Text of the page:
Also, it has an altering unit. “Trousers invariably come without zips, salwars without drawstrings. Then, the waistline of the urban men is generally around 32-36 inches while those in villages are between 28 and 30, so we alter them before dispatching.” Cartons are marked as per the level of damage in the wares. The leftover cotton cloth are made into sanitary napkins for village women and torn jeans and other hard cloth are turned into school bags, skipping ropes, bottle carriers among other knickknacks. Also, A4 size papers used only on one side by companies are made into exercise books for rural children. “If you let go 25 such sheets, it means you have wasted one notebook,” says Anshu.

Never short of ideas, he has put together ‘tent houses' with old utensils for villages too. “All we tell them is to add, say, two more katories, to the kitty, the rest is free. It takes off a lot of load during weddings.” Also, Goonj makes “wedding gifts with fairly new clothes, utensils, etc. for village brides to soften the parents' wedding expenses.”

At the end of the visit, Anshu treats us to tea and crisp mathri taken out of an old Horlicks bottle at a nearby chai shop. Sipping tea, he says, “So many more people can be gainfully employed through this model. We can teach skills to make innovative products, but the Government says NGOs can make profit of only Rs.10 lakhs. Actually you know what, our whole attitude is disgraceful. We want to live but we want the poor to survive.” Indeed.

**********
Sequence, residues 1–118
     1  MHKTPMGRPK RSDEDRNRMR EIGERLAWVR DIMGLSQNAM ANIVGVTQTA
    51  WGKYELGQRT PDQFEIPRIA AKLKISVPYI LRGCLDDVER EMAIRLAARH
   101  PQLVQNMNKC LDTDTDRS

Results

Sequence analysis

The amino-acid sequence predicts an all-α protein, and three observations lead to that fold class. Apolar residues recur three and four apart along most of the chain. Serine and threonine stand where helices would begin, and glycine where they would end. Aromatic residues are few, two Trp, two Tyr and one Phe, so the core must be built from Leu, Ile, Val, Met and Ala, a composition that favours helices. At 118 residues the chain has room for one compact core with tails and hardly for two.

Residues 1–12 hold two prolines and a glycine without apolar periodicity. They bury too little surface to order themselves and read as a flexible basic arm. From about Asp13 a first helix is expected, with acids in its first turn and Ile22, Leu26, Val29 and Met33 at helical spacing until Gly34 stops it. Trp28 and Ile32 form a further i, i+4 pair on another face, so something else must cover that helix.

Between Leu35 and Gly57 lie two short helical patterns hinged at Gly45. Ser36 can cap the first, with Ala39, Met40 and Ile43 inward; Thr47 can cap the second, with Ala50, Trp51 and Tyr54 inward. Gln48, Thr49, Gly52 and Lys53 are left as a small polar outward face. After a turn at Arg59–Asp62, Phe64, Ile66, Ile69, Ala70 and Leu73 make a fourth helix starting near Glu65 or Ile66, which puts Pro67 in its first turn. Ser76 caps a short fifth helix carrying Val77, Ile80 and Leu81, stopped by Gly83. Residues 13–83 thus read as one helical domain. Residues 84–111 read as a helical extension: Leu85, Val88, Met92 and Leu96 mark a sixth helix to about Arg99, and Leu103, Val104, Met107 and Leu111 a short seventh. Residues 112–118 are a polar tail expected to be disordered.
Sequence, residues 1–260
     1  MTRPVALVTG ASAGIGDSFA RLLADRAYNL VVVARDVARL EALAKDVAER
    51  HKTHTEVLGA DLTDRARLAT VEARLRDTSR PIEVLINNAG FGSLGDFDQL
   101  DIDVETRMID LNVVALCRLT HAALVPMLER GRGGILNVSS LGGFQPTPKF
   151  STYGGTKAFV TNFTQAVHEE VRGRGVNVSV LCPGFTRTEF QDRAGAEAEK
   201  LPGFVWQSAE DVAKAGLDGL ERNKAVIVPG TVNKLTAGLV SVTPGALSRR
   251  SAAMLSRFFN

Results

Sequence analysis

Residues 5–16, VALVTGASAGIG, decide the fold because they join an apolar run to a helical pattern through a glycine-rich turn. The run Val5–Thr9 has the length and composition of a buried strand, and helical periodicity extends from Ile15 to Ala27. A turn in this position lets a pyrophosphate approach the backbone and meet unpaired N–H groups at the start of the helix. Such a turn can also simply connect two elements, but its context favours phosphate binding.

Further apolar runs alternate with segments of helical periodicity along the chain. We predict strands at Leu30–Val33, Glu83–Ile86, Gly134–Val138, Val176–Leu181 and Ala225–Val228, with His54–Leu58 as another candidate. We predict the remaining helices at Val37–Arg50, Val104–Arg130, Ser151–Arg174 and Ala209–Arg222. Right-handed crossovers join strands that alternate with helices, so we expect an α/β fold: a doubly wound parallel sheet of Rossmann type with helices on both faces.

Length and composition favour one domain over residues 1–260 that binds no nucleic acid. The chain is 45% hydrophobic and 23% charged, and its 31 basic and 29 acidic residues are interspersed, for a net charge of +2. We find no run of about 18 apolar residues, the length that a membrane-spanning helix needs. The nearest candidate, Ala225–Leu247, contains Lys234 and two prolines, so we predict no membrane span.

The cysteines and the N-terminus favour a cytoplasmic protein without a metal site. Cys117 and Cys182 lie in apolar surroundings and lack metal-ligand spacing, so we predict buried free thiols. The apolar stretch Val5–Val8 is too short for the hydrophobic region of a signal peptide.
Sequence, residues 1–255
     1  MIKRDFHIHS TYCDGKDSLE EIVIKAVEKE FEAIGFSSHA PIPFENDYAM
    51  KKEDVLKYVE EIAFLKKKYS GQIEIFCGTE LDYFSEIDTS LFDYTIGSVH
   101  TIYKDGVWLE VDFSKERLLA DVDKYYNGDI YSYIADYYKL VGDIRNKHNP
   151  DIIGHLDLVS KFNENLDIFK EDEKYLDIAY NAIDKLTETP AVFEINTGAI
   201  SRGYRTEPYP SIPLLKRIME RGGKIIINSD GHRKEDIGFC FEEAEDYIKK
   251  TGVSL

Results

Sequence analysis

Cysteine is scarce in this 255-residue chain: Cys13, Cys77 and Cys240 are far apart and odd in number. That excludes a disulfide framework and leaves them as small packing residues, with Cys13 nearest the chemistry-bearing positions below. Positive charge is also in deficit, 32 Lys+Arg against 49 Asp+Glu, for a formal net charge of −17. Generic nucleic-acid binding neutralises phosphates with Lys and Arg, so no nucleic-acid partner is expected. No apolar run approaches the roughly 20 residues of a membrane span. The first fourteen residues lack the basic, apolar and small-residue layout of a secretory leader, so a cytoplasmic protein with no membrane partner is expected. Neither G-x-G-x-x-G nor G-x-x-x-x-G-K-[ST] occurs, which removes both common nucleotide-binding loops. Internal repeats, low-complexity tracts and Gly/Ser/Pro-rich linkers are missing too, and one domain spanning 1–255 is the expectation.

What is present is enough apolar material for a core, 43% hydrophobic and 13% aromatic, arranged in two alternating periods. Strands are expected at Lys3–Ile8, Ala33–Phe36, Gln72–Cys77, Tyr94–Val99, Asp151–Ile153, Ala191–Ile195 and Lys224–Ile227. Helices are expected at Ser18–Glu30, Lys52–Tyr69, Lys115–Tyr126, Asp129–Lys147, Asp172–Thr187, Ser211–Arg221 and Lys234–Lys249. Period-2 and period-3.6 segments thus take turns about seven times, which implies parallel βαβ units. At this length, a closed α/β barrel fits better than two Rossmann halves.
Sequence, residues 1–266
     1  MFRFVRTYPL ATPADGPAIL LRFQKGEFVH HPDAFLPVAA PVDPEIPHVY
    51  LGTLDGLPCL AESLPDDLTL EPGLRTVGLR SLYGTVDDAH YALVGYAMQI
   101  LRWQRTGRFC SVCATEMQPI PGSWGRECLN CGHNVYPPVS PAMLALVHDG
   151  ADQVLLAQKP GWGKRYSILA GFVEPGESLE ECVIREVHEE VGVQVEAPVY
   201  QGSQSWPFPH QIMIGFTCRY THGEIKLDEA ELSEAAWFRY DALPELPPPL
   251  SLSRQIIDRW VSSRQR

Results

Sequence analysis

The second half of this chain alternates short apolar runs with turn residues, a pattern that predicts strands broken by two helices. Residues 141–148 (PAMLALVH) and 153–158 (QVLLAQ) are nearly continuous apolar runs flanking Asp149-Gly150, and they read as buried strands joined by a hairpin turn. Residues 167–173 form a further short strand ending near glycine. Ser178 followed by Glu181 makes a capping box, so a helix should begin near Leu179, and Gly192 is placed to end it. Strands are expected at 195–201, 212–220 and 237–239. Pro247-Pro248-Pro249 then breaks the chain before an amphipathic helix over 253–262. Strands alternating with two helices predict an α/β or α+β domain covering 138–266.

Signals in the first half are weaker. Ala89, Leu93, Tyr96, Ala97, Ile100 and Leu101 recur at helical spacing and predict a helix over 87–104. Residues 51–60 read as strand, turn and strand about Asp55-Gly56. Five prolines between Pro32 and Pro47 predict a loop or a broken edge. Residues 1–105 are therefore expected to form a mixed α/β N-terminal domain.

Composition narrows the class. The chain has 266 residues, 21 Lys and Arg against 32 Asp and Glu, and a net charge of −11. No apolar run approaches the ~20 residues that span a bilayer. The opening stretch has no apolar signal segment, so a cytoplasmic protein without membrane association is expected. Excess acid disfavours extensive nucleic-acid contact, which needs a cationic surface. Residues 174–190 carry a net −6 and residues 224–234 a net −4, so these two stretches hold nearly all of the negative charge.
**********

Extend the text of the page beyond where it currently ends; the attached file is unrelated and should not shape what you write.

The processing centre of Goonj at the village Madanpur Khadar has a bookstore that sells old books it receives regularly. “These books are not what a rural community needs, so we have started a stall of old books, many of them valuable, to raise funds for Goonj,” says Anshu.

Goonj also makes beautiful household durries, key chains, paper folders, penholders, etc. by weaving reels from discarded audio and video tapes.

Goonj requires volunteers to collect old newspapers which are sold for fundraising.

The sales counter is open from

9 a.m. to 5 p.m. on all working days.